ERIN M. EVANS got a degree in Anthropology from Washington University in St. Louis—and promptly stuck it in a box. Nowadays she uses that knowledge of bones, mythology, and social constructions to flesh out fantasy worlds. She is the author of the Brimstone Angels Saga, including Fire in the Blood and Ashes of the Tyrant. She lives in Washington State with her husband and sons.
Shauna Kosoris: All of your published novels, including your first, The God Catcher, are set in the Dungeons and Dragons Forgotten Realms campaign setting which is owned by Wizards of the Coast. How did you get involved with Wizards of the Coast?
Erin M. Evans: I started out working at Wizards of the Coast as an editor in their novels department. The opportunity to write a book in the Ed Greenwood Presents Waterdeep series came about because the editor of that series, Susan J. Morris, was running a limited call (she’d requested manuscripts from a few specific authors) and was short a proposal. She’d read some of my work, so she asked if I’d fill in. Turns out I had a pretty good idea in The God Catcher!
I guess you did! After The God Catcher, you started writing your Brimstone Angels series, which is still ongoing. Twin sisters Farideh and Havilar from that series are tieflings. Why did you decide to write about half-human, half-demons?
Technically, tieflings are mostly human, with some devil blood (at most a quarter). Honestly, I’m drawn to the way they can’t hide what they are, but that what they are is hugely misunderstood. Tieflings look like they might be devils themselves–but really they’re as complicated and free as humans. So if you’re a tiefling, what do you do? Do you fight it? Do you spend your life trying to be perfect so that people don’t assume you’re a monster? Do you just become a monster, because that’s what everyone expects? Couple that with the fact that they aren’t members of a homogeneous culture–tieflings can pop up anywhere someone’s gotten frisky with a fiend–and there’s a whole lot of nuance to explore.
Your highly conspicuous twins were raised by someone just as conspicuous: Mehen the dragonborn. Why did you decide to add him into the mix?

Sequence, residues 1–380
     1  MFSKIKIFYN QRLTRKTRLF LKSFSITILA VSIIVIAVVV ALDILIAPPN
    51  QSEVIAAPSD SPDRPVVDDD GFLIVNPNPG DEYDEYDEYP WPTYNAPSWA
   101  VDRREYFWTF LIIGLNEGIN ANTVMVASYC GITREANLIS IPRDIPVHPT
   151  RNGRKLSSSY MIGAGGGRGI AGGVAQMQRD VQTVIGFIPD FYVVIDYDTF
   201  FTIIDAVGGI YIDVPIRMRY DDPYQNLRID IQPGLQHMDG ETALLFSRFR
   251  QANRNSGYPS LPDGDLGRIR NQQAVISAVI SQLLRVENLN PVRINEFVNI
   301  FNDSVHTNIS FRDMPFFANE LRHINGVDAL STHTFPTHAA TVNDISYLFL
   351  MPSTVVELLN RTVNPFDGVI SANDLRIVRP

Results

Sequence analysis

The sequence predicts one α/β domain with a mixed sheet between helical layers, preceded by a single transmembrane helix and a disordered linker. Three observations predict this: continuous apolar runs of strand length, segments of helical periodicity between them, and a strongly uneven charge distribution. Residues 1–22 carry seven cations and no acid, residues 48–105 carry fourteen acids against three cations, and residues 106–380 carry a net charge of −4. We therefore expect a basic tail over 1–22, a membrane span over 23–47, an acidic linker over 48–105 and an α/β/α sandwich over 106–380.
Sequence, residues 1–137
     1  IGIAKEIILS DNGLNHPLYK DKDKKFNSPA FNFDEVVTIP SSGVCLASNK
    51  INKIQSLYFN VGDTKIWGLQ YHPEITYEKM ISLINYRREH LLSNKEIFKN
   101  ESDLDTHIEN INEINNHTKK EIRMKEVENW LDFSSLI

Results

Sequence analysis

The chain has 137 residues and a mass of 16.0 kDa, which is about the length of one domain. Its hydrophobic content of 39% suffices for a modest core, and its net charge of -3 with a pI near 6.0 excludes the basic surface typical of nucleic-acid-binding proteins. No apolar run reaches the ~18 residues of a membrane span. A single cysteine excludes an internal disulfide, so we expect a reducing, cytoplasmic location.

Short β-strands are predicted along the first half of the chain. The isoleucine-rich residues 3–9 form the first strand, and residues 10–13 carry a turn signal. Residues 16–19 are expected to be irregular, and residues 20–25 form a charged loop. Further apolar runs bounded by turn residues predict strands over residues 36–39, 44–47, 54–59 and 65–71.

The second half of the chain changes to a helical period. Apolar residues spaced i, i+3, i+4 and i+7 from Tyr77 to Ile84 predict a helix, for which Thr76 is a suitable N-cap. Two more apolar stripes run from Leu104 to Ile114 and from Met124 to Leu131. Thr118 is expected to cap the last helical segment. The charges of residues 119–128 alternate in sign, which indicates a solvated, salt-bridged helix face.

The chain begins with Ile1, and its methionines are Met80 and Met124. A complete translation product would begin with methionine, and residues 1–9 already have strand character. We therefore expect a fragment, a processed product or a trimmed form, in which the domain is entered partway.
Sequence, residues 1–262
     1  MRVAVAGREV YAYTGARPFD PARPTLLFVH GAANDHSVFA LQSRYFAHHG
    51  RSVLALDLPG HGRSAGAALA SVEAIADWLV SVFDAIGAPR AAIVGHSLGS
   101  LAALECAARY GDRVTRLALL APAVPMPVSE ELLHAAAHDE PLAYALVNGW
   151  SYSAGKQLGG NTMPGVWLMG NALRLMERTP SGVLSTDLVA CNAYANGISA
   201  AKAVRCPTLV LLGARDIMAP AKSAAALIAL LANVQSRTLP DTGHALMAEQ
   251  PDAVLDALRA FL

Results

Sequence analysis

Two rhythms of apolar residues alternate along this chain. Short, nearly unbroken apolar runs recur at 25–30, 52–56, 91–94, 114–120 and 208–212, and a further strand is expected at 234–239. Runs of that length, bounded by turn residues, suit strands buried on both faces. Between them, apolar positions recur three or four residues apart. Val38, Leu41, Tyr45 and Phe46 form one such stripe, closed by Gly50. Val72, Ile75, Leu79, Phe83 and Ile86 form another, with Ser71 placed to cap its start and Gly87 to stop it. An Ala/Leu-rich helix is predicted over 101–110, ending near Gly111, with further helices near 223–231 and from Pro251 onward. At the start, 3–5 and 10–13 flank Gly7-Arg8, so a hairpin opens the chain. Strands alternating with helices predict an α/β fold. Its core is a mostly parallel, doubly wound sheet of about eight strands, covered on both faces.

Because I like dragonborn! That’s really it in a nutshell. But, too, Mehen is one of those characters who just came together very quickly and with much certainty. He felt right and I’ve loved writing about him.
I’ve heard that you wrote a whole lot more about the dragonborn in Ashes of the Tyrant, the fifth book in your Brimstone Angels series, which just came out in December. What was it like writing about their culture in the Forgotten Realms, a setting where not a lot has previously been written about them?
I enjoyed it quite a lot! The dragonborn are newer additions to D&D, and in the Forgotten Realms in particular they hadn’t been very deeply detailed. I had the opportunity to fill in the gaps between the handful of sources–this is one of the things I like best about writing tie-in fiction. The game needs things like racial ability bonuses and alignment notes, homelands and origins, but for a novel you need a sense of the day-to-day, what that race’s culture means to them. Finding ways to show how and why those rules are true in a way that feels like a living, breathing society is a blast.
It sounds like you make good use of your degree in Anthropology during your writing.
Oh yes (see above!). It comes most in handy when fleshing out cultures and thinking about how the intersection of different societies comes out. Thinking about people not just as individual characters, but as members of a group, influenced by that group’s values and shortcomings.
You’ve written extensively in Forgotten Realms, a fantasy setting that’s been around for almost thirty years. Are there any details that you were able to add to the setting?
Oh, lots! The dragonborn culture is a big one. I also came up with the explanation for the tiefling appearance change, the Toril Thirteen and their involvement in the Ascension of Asmodeus. I got to shake up the royal line of Cormyr, and create the pradixikai, the elite erinyes of Malbolge. I got to come up with some adaptations for the modern Harper groups. Generally, if the idea’s been good enough and I’ve been persuasive enough, they’ve let me.
What are you working on now?
I just turned in The Devil You Know, the sixth book of the Brimstone Angels Saga, available October 4th (and for pre-order right now!). I’m working on a new series as well, something of my own, a sort of epic fantasy family saga, starting with a short story for a forthcoming anthology.
Oh, how exciting! I’ve just got a few questions about what you read to finish up. What book or author inspired you to write?
You know, I don’t want to name it, because what finally pushed me was reading a book that I hated! I was fourteen, my mother had been telling me my whole life that I should be a writer and I wasn’t into it. Then I read this book I was expecting to love, and I just hated it. I decided I could do better and started writing my own version. It wasn’t better–I was fourteen and had no idea what I was doing–but it got me going.
That’s totally fair. Is there a book or author that you think everyone should read?
I think everyone should read out of their comfort zone. Pick up a mystery. Pick up a book of poetry. Pick up a romance, a Western, a true crime, a space opera. Especially if you want to write, you should try everything, see what each kind of book is best at.
That’s great advice! Finally, what are you currently reading?
Right now I’m reading three books: Hallow Point, a noirish fantasy involving fairies in the 1930s by Ari Marmell; a hilariously raunchy short story collection called Cocktails at 7, Apocalypse at Midnight by Don Bassingthwaite; and a nonfiction book about Santa Muerte by R. Andrew Chesnut.